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SIPTU boss says temporary tax hikes to high earners could avoid public cuts

Jack O’Connor says he is becoming optimistic that there could yet be progress on a replacement to the Croke Park 2 deal.

Image: Niall Carson/PA Archive

THE PRESIDENT of the country’s biggest trade union has said he is becoming more optimistic about the possibility of a revised public pay deal being reached – but suggested that the highest earners in the private sector could be asked to share the burden of cuts.

Jack O’Connor said he believed there was now a reasonable chance of a deal being reached, after continuing talks between the main unions and the Labour Relations Commission.

The SIPTU general president said he believed last Friday that there was “absolutely no potential” of an agreement being reached – but he now believed there was some possibility of a replacement to Croke Park 2 being negotiated.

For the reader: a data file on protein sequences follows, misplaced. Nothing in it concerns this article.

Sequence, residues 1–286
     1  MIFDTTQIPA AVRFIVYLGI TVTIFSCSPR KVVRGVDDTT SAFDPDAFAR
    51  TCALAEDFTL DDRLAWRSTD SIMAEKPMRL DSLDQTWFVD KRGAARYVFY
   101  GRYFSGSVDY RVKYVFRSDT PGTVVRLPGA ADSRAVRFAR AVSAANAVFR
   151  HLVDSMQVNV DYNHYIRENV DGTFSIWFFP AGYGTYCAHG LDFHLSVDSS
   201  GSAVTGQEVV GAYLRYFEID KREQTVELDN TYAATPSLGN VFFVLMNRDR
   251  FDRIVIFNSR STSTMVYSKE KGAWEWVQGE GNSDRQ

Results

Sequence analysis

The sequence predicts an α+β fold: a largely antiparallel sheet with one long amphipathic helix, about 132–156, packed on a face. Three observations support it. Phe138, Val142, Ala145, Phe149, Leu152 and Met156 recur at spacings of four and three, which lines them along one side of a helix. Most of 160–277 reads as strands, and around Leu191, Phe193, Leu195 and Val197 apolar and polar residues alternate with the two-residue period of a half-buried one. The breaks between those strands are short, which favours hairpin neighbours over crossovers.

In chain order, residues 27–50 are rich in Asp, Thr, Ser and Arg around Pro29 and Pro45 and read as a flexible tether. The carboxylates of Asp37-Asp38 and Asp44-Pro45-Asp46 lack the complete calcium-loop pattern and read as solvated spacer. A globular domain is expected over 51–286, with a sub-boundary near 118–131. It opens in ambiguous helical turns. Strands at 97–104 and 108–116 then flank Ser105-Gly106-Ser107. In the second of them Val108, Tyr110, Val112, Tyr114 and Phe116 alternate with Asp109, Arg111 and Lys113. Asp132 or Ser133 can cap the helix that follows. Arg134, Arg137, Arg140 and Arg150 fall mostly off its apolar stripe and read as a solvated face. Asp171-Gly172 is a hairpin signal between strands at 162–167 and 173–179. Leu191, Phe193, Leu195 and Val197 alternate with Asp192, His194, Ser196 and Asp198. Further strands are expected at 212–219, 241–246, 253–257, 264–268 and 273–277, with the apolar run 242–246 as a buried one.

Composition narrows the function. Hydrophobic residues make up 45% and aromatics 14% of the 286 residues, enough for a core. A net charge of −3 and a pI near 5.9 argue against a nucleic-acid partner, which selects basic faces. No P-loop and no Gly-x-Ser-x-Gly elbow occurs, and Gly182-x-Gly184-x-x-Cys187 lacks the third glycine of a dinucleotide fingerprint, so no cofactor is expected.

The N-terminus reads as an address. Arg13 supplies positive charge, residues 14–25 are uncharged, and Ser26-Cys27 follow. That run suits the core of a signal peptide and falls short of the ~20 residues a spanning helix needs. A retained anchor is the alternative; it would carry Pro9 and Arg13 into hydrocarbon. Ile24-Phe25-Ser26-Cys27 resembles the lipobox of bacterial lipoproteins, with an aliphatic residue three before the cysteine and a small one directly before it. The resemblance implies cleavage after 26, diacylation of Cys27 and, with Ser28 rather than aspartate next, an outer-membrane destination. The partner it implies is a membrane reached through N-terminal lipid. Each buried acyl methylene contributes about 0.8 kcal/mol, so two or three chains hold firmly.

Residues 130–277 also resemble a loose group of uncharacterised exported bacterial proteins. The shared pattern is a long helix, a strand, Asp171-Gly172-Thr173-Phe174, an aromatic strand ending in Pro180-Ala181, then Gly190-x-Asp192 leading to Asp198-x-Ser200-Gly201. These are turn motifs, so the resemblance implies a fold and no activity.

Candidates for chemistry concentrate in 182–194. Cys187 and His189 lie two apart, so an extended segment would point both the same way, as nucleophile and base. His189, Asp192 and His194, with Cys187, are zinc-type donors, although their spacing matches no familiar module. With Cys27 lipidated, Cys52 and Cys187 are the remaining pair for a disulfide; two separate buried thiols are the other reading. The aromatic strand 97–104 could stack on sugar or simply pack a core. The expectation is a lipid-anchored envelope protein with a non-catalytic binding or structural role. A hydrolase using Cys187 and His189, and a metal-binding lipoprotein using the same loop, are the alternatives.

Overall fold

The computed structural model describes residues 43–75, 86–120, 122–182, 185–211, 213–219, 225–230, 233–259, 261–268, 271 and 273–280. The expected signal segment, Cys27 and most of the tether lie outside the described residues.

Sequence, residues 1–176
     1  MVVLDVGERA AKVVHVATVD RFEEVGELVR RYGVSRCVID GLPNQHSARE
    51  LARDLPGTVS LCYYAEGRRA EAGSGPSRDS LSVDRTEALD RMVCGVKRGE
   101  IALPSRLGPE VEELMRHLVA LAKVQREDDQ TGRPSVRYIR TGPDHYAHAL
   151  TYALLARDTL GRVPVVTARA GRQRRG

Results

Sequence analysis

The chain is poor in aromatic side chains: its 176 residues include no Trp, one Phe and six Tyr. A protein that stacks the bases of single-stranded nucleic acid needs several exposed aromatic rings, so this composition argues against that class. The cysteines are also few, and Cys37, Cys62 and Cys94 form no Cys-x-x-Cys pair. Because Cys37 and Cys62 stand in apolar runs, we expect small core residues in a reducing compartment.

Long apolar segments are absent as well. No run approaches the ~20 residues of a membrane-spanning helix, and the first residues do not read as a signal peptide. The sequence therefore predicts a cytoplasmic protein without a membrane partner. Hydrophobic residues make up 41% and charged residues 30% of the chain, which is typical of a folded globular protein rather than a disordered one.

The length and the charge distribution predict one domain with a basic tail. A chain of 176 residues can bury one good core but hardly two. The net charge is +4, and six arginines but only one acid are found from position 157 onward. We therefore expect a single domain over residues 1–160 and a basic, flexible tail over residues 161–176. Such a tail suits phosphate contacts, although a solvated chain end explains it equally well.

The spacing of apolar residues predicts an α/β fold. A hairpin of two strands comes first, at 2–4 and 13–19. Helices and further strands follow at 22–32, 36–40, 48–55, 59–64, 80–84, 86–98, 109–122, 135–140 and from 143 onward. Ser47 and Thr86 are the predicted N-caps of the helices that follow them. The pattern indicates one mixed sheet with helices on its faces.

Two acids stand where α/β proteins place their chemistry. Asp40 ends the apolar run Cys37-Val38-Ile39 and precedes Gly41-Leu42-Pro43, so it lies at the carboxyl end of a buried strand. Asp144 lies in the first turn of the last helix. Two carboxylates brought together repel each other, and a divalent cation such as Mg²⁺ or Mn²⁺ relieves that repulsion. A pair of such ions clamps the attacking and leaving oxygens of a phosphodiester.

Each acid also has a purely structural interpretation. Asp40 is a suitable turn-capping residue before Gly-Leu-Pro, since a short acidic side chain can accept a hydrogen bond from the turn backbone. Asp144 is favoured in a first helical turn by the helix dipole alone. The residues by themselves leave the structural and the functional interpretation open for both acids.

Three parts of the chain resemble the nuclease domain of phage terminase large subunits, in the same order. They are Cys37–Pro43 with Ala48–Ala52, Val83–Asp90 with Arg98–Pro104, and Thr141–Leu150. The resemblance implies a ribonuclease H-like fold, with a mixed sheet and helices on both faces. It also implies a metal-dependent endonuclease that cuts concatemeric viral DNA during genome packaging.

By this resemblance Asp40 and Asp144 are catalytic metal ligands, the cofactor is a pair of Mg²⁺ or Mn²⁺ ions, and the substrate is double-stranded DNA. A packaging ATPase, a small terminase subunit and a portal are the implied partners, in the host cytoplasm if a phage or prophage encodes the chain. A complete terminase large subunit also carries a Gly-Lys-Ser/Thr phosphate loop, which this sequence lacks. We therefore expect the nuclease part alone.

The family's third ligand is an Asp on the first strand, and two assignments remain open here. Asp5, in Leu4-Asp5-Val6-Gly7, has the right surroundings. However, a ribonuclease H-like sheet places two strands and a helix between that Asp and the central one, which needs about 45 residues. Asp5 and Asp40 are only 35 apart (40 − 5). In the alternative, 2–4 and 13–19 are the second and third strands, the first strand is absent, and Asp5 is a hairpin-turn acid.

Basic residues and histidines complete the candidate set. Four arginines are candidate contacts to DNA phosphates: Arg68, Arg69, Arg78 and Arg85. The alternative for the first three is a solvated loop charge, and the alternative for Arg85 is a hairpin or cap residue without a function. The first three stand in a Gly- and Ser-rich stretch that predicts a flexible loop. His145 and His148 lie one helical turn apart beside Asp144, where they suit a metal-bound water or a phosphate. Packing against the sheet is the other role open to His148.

“I wouldn’t overstate it,” he said, before adding that there was nonetheless “very much the prospect of concluding an agreement that can ultimately command a majority”.

O’Connor told RTÉ’s This Week programme that any successor to the deal had to be “considerably better” than the proposals which workers had already rejected – adding that a viable replacement deal could not merely tweak the original Croke Park 2 proposals but needed to fundamentally overhaul them.

He added, however, that one of the key planks of the original Croke Park 2 proposals – a three-year pay cut for workers earning over €65,000 – could be softened or supplemented by similar measures in the private sector.

“You can do €1 billion in tax on the wealthy over the next two budgets, on the basis that that too will be instated [sic] in two-and-a-half years,” he said, saying those in society who could most afford to shoulder a pay cut could be asked to do so.

Read: Joan Burton: In everybody’s interest that we get a public sector pay deal

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Gavan Reilly

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